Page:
US-Mexico Border Fence / Great Wall of Mexico
Border Protection, Antiterrorism, and Illegal Immigration Control Act of 2005 (H.R. 4437)
On 16 December 2005 the US House of Representatives passed a new immigration bill, H.R. 4437, Border Protection, Antiterrorism, And Illegal Immigration Control Act Of 2005, by a recorded vote of 239 to 182. The bill was introduced by Representative Sensenbrenner (R-WI) on December 6, 2005. The House Judiciary Committee approved the bill on December 8 by a vote of 23-15. H.R. 4437 was received in the Senate for consideration on December 17, 2005.
It would erect a fence along one-third of the total length of the border with Mexico. Section 102(b) of the Illegal Immigration Reform and Immigrant Responsibility Act of 1996 (Public Law 104-208; 8 U.S.C. 1103 note) was amended. The bill also includes a provision requiring the construction of security fencing along portions of the southern border that have high rates of illegal border crossing. Additionally, DHS was required to conduct a study and report back to Congress on the use of physical barriers along the Northern border. An amendment was adopted during consideration on the floor that requires the construction of an estimated $2.2 billion worth of fences along part of the southern border. The Secretary of Homeland Security was required to provide for least 2 layers of reinforced fencing, the installation of additional physical barriers, roads, lighting, cameras, and sensors at five locations:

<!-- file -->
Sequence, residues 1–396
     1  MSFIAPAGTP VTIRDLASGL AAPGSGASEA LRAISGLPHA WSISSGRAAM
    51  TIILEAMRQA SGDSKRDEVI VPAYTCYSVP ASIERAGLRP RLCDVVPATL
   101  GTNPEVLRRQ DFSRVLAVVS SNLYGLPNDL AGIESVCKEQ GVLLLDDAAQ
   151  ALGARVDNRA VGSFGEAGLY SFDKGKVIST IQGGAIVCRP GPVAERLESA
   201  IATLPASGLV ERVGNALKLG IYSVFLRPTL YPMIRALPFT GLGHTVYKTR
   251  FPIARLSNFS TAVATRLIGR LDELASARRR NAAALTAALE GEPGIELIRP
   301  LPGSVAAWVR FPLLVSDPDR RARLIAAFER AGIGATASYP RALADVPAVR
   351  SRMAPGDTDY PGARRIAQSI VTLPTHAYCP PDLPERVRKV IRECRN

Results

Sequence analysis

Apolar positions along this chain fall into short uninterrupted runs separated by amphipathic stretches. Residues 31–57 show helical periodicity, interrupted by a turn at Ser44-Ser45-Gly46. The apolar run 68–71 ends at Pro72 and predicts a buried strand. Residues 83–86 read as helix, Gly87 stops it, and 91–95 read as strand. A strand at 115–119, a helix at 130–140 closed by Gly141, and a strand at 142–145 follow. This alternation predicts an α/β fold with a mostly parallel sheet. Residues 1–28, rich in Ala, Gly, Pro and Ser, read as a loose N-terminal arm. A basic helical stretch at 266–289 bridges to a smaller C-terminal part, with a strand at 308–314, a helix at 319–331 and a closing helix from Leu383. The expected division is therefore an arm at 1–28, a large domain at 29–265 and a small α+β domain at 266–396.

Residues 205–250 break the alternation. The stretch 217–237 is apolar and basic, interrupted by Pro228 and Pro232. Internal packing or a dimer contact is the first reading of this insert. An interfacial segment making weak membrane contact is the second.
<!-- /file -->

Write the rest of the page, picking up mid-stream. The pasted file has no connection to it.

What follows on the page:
- extending from 10 miles west of the Tecate, California, port of entry to 10 miles east of the Tecate, California, port of entry;
- extending from 10 miles west of the Calexico, California, port of entry to 5 miles east of the Douglas, Arizona, port of entry;
- extending from 5 miles west of the Columbus, New Mexico, port of entry to 10 miles east of El Paso, Texas;
- extending from 5 miles northwest of the Del Rio, Texas, port of entry to 5 miles southeast of the Eagle Pass, Texas, port of entry; and
- extending 15 miles northwest of the Laredo, Texas, port of entry to the Brownsville, Texas, port of entry.